The IOSCO Approval: Impact on Voluntary and Mandatory Reporting
The International Organization of Securities Commissions (IOSCO) is conducting an independent assessment of the ISSB standards, with its approval necessary before individual national securities regulators can adopt the standards into their respective regulatory frameworks. This will mark a breakthrough for the ISSB Standards, transforming their very nature from Voluntary to Mandatory.
Transition Groups & Reliefs
Now that IFRS S1 and IFRS S2 are issued, the ISSB will work with jurisdictions and companies to support adoption. The ISSB acknowledges that this level of reporting is “new for many, and represents a significant change in reporting practices globally,” so its first steps to help in adoption will include creating a Transition Implementation Group to support companies that will be using the standards and launching capacity-building initiatives to support effective implementation.
Additionally, the ISSB is also offering “transitional reliefs” to facilitate companies’ initial reporting pursuant to the Standards. More specifically, in their first year of reporting, companies need not: (i) provide sustainability reporting at the same time as traditional financial reporting, (ii) disclose Scope 3 emissions, (iii) calculate Scope 1 and 2 emissions using the Greenhouse Gas Protocol if the company has previously used a different framework for doing so, (iv) provide comparative information relative to prior reporting years and (v) provide disclosures around sustainability-related risks and opportunities beyond those required by the Climate Standard.
Challenges to Adoption
While such concessions will ease the reporting burden on many companies, smoothen the transition period, and encourage compliance, companies will still struggle with data gathering, verification, and technical compliance requirements and may need to outsource or partner with SaaS companies such as ESGTree to gear up for the January 2024 reporting period.
Since the ISSB requirements are built on an amalgamation of the ESG standards shown in Figure 1, companies and financial institutions that adopt these standards now, rather than later, will be better equipped to meet and exceed regulatory compliance in the future. Those that are new to sustainability disclosures can use this year (2023) to prepare for the application of ISSB rules by:
Partnering with ESG technology solutions like ESGTree will simplify and streamline the collection of large ESG data sets and carbon emissions calculations and will automate the ESG standards and frameworks mentioned in Figure 1 as a first step towards compliance with the IFRS Standards.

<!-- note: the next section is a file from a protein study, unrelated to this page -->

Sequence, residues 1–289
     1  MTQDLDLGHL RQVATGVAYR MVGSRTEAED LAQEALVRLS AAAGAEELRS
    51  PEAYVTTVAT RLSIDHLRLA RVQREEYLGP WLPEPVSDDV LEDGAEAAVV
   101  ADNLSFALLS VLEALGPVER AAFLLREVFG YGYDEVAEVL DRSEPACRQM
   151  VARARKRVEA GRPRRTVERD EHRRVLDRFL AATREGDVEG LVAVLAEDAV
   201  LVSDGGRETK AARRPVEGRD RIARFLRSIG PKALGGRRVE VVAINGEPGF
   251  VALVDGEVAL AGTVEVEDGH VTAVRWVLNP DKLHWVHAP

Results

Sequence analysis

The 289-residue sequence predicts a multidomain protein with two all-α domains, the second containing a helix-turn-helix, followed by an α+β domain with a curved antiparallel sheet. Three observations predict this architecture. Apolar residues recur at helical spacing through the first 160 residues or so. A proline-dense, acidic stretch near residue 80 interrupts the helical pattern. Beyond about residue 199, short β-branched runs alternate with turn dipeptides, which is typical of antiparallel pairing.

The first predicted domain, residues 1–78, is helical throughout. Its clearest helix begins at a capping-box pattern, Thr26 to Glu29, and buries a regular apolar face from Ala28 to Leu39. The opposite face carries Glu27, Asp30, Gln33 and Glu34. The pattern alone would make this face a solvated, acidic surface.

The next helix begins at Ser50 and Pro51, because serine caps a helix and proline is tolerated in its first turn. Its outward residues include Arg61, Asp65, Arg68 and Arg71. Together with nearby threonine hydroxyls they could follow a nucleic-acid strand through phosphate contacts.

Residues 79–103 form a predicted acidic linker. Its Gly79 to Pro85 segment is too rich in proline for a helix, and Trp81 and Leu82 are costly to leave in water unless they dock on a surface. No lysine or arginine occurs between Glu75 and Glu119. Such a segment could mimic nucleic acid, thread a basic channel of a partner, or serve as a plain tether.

Although the landscape of global sustainability reporting remains fragmented and evolving, the publication of the IFRS Standards represents an important step toward establishing a common understanding of the basic information required to assess the sustainability-related risks and opportunities businesses face.
ESGTree helps companies gather, analyze, and report on sustainability information, greatly reducing the time and effort required to comply with investor demand and regulation. Our platform automates all major industry-leading frameworks, along with Greenhouse Gas Protocol-aligned carbon calculations, to provide a holistic ESG solution for financial institutions.
Purpose-built for private capital investors, ESGTree’s data automation solutions allow private equity and venture capital firms to gain insights into their portfolio companies’ ESG performance over time, attribute ESG data correctly, and benchmark their data to assess a portfolio company’s progress in relation to other comparable companies in the region. These insights enable investors to identify potential risks and opportunities and make informed investment decisions based on a portfolio company’s ESG performance. Our cloud-based platform and advisory services meet the needs of both seasoned ESG managers as well as those entering the world of ESG for the first time.
For more information on our ESG Reporting Solution, please contact us at :
Canada: ESGTree, Kindred Centre for Peace Advancement, 140 Westmount Rd N, Waterloo,ON N2L 3G6, Canada
United Kingdom: ESGTree, 33 Queen Street, London EC4R 1AP, United Kingdom